If you’re involved in the world of live personal storytelling, as a teller or a fan, then you know the pandemic didn’t stop us but only prompted us to find each other online, thanks to dedicated producers who took their shows to the virtual road. Such shows are part of a support system that has kept us glued together as a community, and helped keep me from coming unglued personally. As we prepare to return to live shows, please allow me to share with you this fun little story from one of our pandemic-era events, the Turbine Arts Collective annual Pre-Valentine’s Show. This story is called: The Hooker Bully.
So, you’d like to see more of this sort of thing? Then you’re in luck! 😉 I’m appearing in a half-hour one-woman show for Greystone Theatre Performances, a series of virtual solo performances featuring a variety of artists at Beverly Hills’ historic Greystone Mansion. Here’s the lowdown:
Almost nobody would publish my funny little ditty, Never Kill A Dog Or Cat In Your Novel, because they found it a tad too disturbing. Cue Slackjaw, a humor journal that specializes in over-the-top weirdness. Thank you, Slackjaw, because without you I’d be forced to conform, and I just don’t know how. You can check out this devilish little 4-minute read…here.
Why does the coldest water in the house always come out of the bathroom sink, never the kitchen faucet? It makes sense to me that water seems colder coming from the garden hose, because I only drink from the hose when I’m outside on a hot summer day. It’s cold by comparison of course. But what is the allure of the water in the bathroom, even when that room is not hot and steamy?
Is it because the water in that private little room seems forbidden, because that’s a place meant only for washing up, or taking care of business, or sneaking in some shower sex—not for the simple pleasure of drinking water with naked hands, not so much as a glass in sight? Or is it only my bathroom that has such delicious, icy-cold water, while yours delivers the stuff at ordinary room temperature?
I took a pole dance class. Once. In 2007. Here’s how that went:
I know what rug burn is, but never until now concerned myself with pole burn. That’s what happens when, while pole dancing, you do a pole sit with your back pressed too tightly against the pole. My instructor—a 41-year-old step-mom of two who goes by the stage-name Leesi—suggests we shift our spines to the side. That way our vertebrae won’t take a beating during this theoretically erotic move involving a long chrome phallus.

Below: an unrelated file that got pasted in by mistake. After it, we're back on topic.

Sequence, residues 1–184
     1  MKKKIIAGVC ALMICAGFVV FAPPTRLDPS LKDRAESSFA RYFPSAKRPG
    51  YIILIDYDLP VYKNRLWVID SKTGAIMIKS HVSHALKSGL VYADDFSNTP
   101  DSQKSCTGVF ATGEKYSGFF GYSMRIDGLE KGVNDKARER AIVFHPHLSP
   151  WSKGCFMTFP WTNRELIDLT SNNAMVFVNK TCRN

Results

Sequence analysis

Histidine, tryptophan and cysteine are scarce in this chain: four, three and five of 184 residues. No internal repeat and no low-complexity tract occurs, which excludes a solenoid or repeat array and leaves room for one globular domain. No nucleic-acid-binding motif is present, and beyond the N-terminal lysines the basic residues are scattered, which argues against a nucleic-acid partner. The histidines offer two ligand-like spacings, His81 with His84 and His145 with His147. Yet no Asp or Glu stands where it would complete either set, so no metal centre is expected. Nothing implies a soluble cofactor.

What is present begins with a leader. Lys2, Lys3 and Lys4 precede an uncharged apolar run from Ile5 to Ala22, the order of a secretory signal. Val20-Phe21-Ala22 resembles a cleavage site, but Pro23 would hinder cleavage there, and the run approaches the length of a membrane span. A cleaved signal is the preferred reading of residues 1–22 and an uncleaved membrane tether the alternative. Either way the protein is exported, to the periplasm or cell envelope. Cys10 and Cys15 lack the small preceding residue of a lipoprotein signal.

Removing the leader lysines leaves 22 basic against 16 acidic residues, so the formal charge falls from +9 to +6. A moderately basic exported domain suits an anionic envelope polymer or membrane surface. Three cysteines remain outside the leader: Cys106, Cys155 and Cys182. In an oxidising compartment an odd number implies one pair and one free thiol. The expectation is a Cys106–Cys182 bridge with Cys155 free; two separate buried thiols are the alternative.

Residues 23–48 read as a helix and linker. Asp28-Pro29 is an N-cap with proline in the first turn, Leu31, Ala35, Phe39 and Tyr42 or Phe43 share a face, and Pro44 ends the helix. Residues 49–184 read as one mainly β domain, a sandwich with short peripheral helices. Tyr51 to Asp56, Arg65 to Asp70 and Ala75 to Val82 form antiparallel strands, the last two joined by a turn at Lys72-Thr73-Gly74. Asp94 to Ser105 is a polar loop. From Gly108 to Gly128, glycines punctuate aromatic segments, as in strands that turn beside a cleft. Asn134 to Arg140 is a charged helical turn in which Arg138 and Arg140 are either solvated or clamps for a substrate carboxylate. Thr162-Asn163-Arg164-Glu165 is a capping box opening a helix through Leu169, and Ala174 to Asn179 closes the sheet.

In my youth, I thought pole dancing was for sluts only. It didn’t occur to me that a woman hanging upside down with her legs wrapped around a pole might be an acrobat worthy of Cirque du Soleil. Now that I’m over 40, taking a pole dancing class seems like a last chance to recapture my youth, now that I would be proud to be considered sexy enough to qualify as a slut.
Last night my husband came home and found a small torn-open box lying next to our garage. In it was just one bottle of Prebiotin, a prebiotic fiber supplement we take at our house. I had ordered two bottles, at 40 bucks a piece – normally well worth it, because this stuff is medically proven and it helps me keep my weight down, gives me energy, and makes me feel healthier. As I pondered the missing bottle, I realized a thief had taken the box off our front porch, hoping for expensive Christmas goodies. Then he had run through our yard—we really must get a fence—torn open the box, yanked out one bottle, dropped the box, and taken off through the alley.
Last night I was angry, thinking that $40 feels like a lot of money, and that everybody loses because the thief can’t make any money selling dietary fiber on the black market. Can he? But today I’m grinning, thinking that, if he decides to use it himself, he’s going to be the most regular thief in Denver. However, I’m still feeling a little petty, so part of me hopes he takes too much, and can’t find a toilet…
I’m not going to write about what I’m thankful for, because it’s Thanksgiving and why play that game? Just look where it got the Native Americans. Instead, I’m going to list five things I’m not thankful for, and I invite you to do the same. Not because we want to gripe, but for the fun of behaving Un-American. Actually, it might make us more grateful, once we get this stuff off our chests. So you see, I really am getting into the Thanksgiving spirit.
Five Things I’m Not Thankful For:
1) High Cholesterol – I’m tired of avoiding shrimp cocktail, drinking soy milk, eating fake eggs, and turning down dessert—or at least reducing it to one scoop of ice cream instead of two. Last year, my doctor said that with my bad cholesterol at 180-something, I could have a heart attack any moment. Sometimes I have fun guessing which moment it might be. My favorites are: a) while talking to an audience about the spirit of adventure, b) right before telling someone the punchline of a joke, c) while laughing. Through diet and exercise, I lowered my bad cholesterol to 150-something. Then I went on a three-week vacation in Mexico, and played flan roulette. I had another blood test Monday: the stuff in the vials looked red, without a single flan globule, so maybe I’ll pass.